Allahabad, Prayaga, the place of offerings

Legend has it that the god Brahma named Allahabad “Tirth Raj” or “king of pilgrimage centres”. It is here that the incredible Kumbha Mela is held gathering millions of devotees. “Incredible India”, the country’s official slogan, is no exaggeration here.


Triveni Sangam


Allahabad
The boat leading us to the sangam

Allahabad was originally known as Prayaga, “place of offerings”. It was later renamed Allahabad, the city of Allah, during the reign of the Mughal Emperor Akbar.

Allahabad
Triveni Sangam covered with flower petals

Hindu mythology tells that Brahma, the creator of the universe, was looking for a place on earth to practice a Prakrishta Yajna (fire offerings). It had to be at the point of confluence of three sacred rivers. In Allahabad, the Ganges, Yamuna and Saraswati meet (the Saraswati is not visible, but legend has it that it flows underground). It is at the Triveni Sangam that pilgrims do their ritual bathing.

Allahabad
Triveni Sangam

The Kumbh Mela in Allahabad


Allahabad
Allahabad during the Magh Mela in January

Allahabad hosts a spectacular event: the Kumbh Mela. Literally translated as “the feast of the pitcher”, the Kumbh Mela is a one and a half month pilgrimage during which millions of Hindus gather around a sacred river. This great “fair” is considered to be the biggest spiritual gathering in the world. No less than 80 million people gathered during the Maha Kumbh Mela 2013 in Allahabad!

The Kumbha Mela pilgrimage is held every three years, alternating between Haridwar, Allahabad, Nashik and Ujjain, so that its takes place in each town once every 12 years. But every six years Haridwar and Allahabad host an Ardha Kumbh Mela (half Kumbha Mela) and Allahabad also hosts the Magh Mela every year in January.

Allahabad
Pilgrims during the January Magh Mela in Allahabad

Allahabad Fort


Allahabad
View of the fort from the Triveni Sangam

Situated on the banks of the Yamuna, the fort of Allahabad, whose outer wall is still intact, was built by the Mughal emperor Akbar in 1583. He named it “Illahabas” (“blessed by God”), which will become later “Allahabad”, hence the name of the city.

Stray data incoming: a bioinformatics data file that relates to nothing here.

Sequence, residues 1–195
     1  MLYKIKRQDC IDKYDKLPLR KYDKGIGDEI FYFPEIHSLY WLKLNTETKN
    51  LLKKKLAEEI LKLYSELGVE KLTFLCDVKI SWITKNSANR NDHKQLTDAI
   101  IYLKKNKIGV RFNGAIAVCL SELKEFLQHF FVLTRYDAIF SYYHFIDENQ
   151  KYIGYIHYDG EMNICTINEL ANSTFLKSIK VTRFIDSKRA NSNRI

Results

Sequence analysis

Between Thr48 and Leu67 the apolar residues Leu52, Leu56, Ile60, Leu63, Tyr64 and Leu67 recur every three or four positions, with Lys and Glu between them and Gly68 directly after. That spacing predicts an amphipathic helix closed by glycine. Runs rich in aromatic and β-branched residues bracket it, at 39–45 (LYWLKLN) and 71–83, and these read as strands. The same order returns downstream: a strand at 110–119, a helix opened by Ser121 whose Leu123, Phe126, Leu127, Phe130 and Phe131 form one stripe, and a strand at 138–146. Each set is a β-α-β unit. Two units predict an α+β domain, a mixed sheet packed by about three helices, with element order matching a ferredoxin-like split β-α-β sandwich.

At present, the fort is occupied by the Indian army and only a tiny part of it is opened to the public. Visitors can see the Ashoka Pillar there, measuring over 10 meters high and dating to 232 BC. J-C. There are several ancient inscriptions on it including on in Persian from the Emperor Jahangir, which commemorates his accession to the throne.

Allahabad
The temple of Patalpuri and the immortal banyan tree

The fort also houses the underground temple of Patalpuri that is said to have been visited by Hiuen Tsang, a famous Chinese traveler and writer.
Just outside the temple is the much revered “Akshaya Wat” or the immortal banyan tree. The roots of this fig tree form one of the underground sanctuaries of the temple.

Legend has it that when Lord Vishnu flooded the entire universe to show his divine power to sage Markandeya, the tree of Akshaya Wat was the only thing on earth that remained above the water level.

Allahabad Fort

Hanuman Temple


The idol of the monkey god Hanuman s| Photo : Amitshah

Not far from the fort of Allahabad, travelers should not fail to visit the impressive temple of Hanuman, the monkey-god of the Hindu pantheon, a symbol of devotion. This huge statue of 6 meters long in a reclining position is submerged by the water of the Ganges during the heavy rains of monsoon. It is then said that Mother Ganga comes to touch the feet of Lord Hanuman to obtain his blessings.


Anand Bhavan


Anand Bhavan | Photo : Balasub CC-BY-SA

The Anand Bhavan is the former home of the politician Motilal Nehru’s family acquired in the 1930s. The two-story colonnaded building has now been converted into a museum dedicated to the Nehru family and also exhibits various objects, photos and articles retracing the important moments of the independence movement of India. Apart from its historical aspect, the sophisticated architecture of the place and its refined interiors are in themselves worth a visit.

The Anand Bhavan Library | Photo : anlassociates

Khusro Bagh


The tomb of Nithar Begum in the garden of Khusro | Photo : सत्यम् मिश्र CC BY-SA 4.0

Twenty minutes, as the crow flies, from the Anand Bhavan, you can stroll in the Khusro garden, which boasts three mausoleums, that of Khusro Mirza, the eldest son of Emperor Jahangir, who gave his name to the garden, that of Shah Begum, Jahangir’s first wife, and that of Jahangir’s daughter, Nithar Begum. The monuments are fine examples of Mughal architecture with richly decorated octagonal domes and facades carved in yellow sandstone.

Inside the tomb of Nithar Begum | Photo : Oo91 C BY-SA 4.0

All Saints’ Allahabad Cathedral


The neo-gothic architecture of Allahabad Cathedral | Photo : religionworld.in

Another important building in Allahabad is the All Saints’ Cathedral. Its neo-Gothic architecture was designed in 1871 during the British Raj by Sir William Emerson, who is also the architecte of the Victoria Memorial in Kolkata. In the choir, we will notice its beautiful stained glass windows in perfect condition.


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